in a dark, dark wood by Ruth Ware


I picked up “in a dark, dark wood” by Ruth Ware partially because – let’s be honest here – the cover is really pretty. But also because I felt like a good thriller. With the beginning of that crisp fall chill in the air, I wanted something a little creepy that would keep me turning the pages while curled up under my blanket at night. The inside jacket compared it to “Gone Girl” (which I didn’t love) but also to “The Girl on the Train” (which WAS good!) so I figured I had a 50/50 chance of enjoying it.

Nora is a writer who lives in a small flat by herself where she works, drinks coffee and generally just… exists, and pretty successfully too. One day she checks her email and discovers an invitation to a hen weekend (bachelorette weekend for us Americans) of her best friend from school, Clare, who she hasn’t seen in 10 years. Curiosity gets the better of her and Nora agrees to go as long as her current best friend, Nina, tags along.

Clare was beautiful, popular and cruel in school. She was the queen bee who manipulated and orchestrated to get what she wanted. Nora, who was more awkward and introverted back then, is hoping Clare has changed in their years apart.

The weekend of the hen party arrives and so do the guests – driving up a bumpy dirt road to a creepy glass house in the middle of the woods that has no cell service. Here we already know, someone is going to die! Woot! You know at least one person is going to be murdered in a dark grisly fashion when a book puts all the characters together in the woods with no cell service – it just wouldn’t be right otherwise.

The other attendees at the hen weekend are a small mixed group. Tom, a gay male friend in the theater business. Flo, the very intense, slightly crazy and extremely controlling current best friend of Clare. Another friend who we don’t need to name because she disappears quickly from the plot when she misses her baby too much to stay. And of course Nora, Nina and Clare herself. Overall, a typical gathering of stereotypes thrown together for this one weekend of pre-wedding intrigue and murder.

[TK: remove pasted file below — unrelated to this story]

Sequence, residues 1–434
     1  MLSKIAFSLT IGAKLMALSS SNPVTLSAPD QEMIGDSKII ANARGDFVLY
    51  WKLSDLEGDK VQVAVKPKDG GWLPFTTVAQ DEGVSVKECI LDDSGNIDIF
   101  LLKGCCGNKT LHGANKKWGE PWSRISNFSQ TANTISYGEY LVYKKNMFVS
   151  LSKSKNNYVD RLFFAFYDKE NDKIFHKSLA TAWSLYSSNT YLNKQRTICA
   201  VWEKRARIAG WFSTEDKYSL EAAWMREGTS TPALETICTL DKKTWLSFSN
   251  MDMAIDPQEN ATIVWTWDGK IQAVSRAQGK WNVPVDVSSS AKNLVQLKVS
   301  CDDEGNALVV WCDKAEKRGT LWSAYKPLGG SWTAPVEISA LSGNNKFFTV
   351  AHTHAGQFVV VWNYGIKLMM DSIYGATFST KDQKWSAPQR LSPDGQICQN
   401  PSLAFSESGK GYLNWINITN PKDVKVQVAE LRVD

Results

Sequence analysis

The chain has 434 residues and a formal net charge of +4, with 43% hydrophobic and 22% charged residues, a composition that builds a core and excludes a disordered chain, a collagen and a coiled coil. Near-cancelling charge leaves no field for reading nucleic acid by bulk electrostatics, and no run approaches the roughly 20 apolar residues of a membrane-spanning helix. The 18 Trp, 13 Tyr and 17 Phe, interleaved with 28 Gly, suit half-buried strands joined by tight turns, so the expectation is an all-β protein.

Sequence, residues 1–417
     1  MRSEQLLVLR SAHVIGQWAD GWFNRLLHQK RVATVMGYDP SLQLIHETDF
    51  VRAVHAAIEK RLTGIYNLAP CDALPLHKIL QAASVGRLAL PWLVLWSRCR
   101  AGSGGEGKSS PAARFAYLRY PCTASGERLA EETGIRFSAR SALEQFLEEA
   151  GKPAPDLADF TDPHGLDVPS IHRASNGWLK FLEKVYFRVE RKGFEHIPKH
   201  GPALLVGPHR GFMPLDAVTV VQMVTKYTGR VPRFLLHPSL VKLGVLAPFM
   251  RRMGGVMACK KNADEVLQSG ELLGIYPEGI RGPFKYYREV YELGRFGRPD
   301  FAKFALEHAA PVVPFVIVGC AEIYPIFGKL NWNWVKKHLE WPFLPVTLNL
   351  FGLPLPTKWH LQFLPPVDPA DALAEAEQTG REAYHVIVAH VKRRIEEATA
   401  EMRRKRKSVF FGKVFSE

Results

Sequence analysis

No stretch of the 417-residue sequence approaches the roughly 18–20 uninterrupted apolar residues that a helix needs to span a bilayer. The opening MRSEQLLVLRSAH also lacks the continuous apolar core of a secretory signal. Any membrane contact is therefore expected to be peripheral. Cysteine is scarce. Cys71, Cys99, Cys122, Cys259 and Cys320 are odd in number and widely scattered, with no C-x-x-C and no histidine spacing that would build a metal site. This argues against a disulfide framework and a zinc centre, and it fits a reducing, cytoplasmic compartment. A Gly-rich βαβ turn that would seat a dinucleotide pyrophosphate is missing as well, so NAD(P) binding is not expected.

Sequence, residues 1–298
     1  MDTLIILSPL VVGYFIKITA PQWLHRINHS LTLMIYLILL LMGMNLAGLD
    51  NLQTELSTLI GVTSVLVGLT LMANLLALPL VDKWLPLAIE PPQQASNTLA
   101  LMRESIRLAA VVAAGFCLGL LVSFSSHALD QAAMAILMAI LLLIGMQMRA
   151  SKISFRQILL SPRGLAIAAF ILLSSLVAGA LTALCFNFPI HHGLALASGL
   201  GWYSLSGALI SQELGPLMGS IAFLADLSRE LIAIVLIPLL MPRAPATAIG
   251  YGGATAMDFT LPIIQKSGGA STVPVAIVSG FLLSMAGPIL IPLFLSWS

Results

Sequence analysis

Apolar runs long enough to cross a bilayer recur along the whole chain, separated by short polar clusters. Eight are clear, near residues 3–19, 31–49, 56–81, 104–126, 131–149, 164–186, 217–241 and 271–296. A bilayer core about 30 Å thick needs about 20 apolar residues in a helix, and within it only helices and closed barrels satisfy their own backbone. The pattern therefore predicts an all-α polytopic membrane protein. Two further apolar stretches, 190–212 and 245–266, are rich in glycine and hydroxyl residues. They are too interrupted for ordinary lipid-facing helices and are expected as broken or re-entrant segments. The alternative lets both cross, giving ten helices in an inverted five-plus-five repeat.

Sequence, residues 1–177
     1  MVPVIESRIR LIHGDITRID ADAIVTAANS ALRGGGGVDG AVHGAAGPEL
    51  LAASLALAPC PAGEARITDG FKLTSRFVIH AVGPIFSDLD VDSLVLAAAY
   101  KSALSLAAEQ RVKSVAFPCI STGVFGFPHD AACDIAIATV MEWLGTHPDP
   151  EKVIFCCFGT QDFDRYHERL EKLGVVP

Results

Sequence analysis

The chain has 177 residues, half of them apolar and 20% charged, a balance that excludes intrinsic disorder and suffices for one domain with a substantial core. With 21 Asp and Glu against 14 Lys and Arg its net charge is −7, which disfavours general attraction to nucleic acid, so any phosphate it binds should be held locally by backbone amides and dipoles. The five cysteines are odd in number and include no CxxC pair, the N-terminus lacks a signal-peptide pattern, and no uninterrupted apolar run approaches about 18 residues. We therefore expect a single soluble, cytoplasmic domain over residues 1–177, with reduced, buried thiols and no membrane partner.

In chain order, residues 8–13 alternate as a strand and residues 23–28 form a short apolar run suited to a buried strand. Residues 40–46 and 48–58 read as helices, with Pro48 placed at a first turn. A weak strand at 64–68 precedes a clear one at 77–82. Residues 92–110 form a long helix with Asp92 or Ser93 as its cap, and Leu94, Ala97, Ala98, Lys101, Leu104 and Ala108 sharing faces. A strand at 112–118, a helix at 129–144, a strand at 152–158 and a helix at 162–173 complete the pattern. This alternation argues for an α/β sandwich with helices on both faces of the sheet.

So the stage is set – the guests have arrived, the creepy house beckons and the woods are waiting. Clare rolls up last to her hen weekend and immediately informs Nora that she’s marrying Nora’s ex-boyfriend (whom Nora is still in love with) and we’re off! Love, betrayal, lies and the slow unfurling of their past.

The guests play games, drink and as they get to know each other, the menacing hints begin. Footsteps in the snow, the main phone line being cut, a door flying open in the wind while they’re all sleeping. Is someone or something in the woods with them? Is someone or something in the house with them?

“in a dark, dark wood” kept me turning the pages even when about two-thirds through, I was pretty sure I knew who killed who and why. I quite enjoyed the book despite it’s slightly predictable cast of characters, setting and plot twists. It’s definitely a fun novel for fans of light thrillers, murder mysteries and anything with a little old school love and betrayal-by-my-former-best-friend in it.

Less irritating than “Gone Girl” but not nearly as good as “Girl on the Train” – “in a dark, dark wood” will keep you happily entranced for an evening or two, but it won’t make you hide behind your couch with an ax when someone rings your doorbell.


The Little Paris Bookshop by Nina George

“Perdu reflected that is was a common misconception that booksellers looked after books. They look after people.”